We often hear that being a product manager for B2B products is an entirely different role from product management in a B2C environment. But that isn’t always the case. One of the most common myths about the difference between B2B vs B2C product management is that when you’re developing products for businesses, you have to always satisfy multiple personas across the organization; when designing for consumers, on the other hand, you need only to create a value proposition for a single, end-user persona. This isn’t always true. Here are a couple of other reasons we believe that being a product manager and designing products for any type of market — B2B, B2C, and even B2G — will, for the most part, require the same priorities, knowledge, and skills.
A major distinction between B2C and B2B products is the business model.
In B2C… revenue is generated from thousands of customers making millions of small transactions. Whether it be subscription, purchases, or micro-transactions, this is how the business makes money. Even a business with whales — where a small cohort of customers generates a majority of the product’s revenue — still needs to rely on creating a great experience for everyone (more on this in a moment)
In B2B… revenue is generated from a small handful of large enterprise contracts. These can be 6+ figure annual contracts. Having significantly fewer customers completely changes the dynamics for product.
The Sales Funnel
In B2C, most companies will use marketing to generate as many impressions and initial conversions as possible, and it is up to Product & Design to funnel these new users down to paid conversions and keep them around. B2C Products can get thousands of hits a day, keeping the funnel fully stocked (and ideally growing) at all times.
In B2B, large meaningful contracts take a long time to develop. People may impulsively buy a $20 T-Shirt online from a B2C store; no company is impulsively signing a $250K annual contract for BI software. The typical enterprise sales cycle is 6–12 months (and from my experience 6–8months is insanely fast). This means it is up to Sales to nurture these contracts and bring them to the finish line. Product plays a fundamental role in this process by providing (at a minimum):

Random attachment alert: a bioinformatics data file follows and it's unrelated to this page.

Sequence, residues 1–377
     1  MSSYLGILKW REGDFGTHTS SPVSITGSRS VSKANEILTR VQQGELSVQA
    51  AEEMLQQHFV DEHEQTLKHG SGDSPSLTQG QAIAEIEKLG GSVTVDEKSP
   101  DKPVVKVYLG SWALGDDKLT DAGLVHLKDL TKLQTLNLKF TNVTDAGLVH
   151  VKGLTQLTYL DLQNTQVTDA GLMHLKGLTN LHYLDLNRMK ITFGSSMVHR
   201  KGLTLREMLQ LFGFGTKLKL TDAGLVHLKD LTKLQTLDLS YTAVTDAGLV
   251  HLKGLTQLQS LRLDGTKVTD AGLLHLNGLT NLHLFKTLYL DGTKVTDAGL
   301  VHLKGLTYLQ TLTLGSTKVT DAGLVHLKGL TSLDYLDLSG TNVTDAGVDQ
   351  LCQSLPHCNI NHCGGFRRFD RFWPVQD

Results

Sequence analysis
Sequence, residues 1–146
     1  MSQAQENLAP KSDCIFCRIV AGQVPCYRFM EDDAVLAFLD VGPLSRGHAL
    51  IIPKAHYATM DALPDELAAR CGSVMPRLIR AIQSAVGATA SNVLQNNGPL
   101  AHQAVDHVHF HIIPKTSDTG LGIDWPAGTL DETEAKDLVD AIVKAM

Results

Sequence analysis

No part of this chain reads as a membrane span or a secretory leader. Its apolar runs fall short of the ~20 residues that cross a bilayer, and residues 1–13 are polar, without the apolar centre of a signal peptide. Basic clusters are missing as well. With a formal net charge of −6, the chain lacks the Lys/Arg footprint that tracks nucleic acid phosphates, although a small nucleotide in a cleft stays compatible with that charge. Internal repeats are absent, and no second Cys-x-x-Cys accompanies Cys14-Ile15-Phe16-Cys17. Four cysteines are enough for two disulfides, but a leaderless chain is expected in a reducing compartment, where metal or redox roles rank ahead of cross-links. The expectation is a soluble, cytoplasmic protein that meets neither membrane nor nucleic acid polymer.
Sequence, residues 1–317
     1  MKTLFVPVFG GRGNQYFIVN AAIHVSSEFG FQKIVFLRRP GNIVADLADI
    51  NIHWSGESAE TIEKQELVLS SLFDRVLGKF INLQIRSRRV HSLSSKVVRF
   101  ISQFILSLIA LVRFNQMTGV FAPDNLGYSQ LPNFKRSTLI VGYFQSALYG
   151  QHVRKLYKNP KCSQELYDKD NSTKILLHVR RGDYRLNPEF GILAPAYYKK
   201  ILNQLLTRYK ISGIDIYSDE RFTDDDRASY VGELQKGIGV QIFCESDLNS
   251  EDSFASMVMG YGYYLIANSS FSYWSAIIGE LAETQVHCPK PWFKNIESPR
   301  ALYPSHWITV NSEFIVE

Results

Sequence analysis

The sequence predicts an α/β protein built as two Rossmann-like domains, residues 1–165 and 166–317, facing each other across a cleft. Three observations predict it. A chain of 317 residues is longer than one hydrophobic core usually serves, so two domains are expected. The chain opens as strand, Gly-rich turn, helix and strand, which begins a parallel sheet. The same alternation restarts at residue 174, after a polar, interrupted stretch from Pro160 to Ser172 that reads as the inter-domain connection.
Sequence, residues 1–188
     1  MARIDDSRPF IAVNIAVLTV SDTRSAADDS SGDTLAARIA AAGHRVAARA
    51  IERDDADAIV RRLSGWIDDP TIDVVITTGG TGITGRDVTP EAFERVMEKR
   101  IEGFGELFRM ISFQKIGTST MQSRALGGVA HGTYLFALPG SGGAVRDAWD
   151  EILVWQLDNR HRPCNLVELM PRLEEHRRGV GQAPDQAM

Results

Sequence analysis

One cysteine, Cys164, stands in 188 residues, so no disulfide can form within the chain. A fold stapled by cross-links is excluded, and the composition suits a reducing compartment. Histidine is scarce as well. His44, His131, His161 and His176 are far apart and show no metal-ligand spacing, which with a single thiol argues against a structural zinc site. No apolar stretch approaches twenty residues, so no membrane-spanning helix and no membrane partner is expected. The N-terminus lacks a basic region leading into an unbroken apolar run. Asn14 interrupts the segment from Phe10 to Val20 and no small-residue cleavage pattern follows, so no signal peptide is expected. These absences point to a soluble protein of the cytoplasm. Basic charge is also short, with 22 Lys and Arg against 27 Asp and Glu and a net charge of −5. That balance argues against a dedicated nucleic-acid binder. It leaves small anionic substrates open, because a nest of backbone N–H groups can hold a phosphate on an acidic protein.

- A Sales Deck with screenshots
- An internal-only sales enablement deck with more technical slides and pricing
- One pager and blog posts/whitepapers (if available)
- General advice and support for Salespeople on technical inner workings of product
- 1–3 year (tentative) Product Roadmap so they can evangelize a long-term relationship with customer
Ride alongs to Enterprise sales calls somewhat mimics B2C ethnographic interviews, but from my experience Enterprise sales calls provide significantly more signal & insight into product needs than B2C calls; most likely because enterprise lacks the quantitative data a B2C sales funnel can create.
At its core, Product Management is about solving Customer Problems. Good PMs can quickly figure out who they are building for and why.
But for B2B, this becomes a little more complicated because Enterprise Users are typically not Enterprise Customers.
For B2C products, like a mobile app, your users are also your customers, since the people playing the same on their phone (users) also bought the app themselves (customers).
But B2B products, like BI software, would have employees who use it every day (users) and their boss who paid for it (customer). Their boss may never touch the software, they just need a product to help their team achieve their goals.
Similar to B2C customers, B2B customers also require simple, flexible and fast processes. In that case, have a look at Grit Global. A Magento B2B platform that offers you multiple channels, flexibility in creating customizing catalogs, prices as well as Comprehensive Inventory Management Features. All kinds of features in one but still guarantee fast speed and simplicity. You will not have to worry and do tasks on your own with this genius invention.
In the end, the nuances of B2B vs B2C are trumped by the fundamental product management skills. If you are an exquisite interviewer, have strong feature prioritization skills, and deep industry and product knowledge, then the differences between the two markets will all but disappear. But it is still crucial to adapt your tried-and-true B2C framework to B2B, so as not to miss the points mentioned above.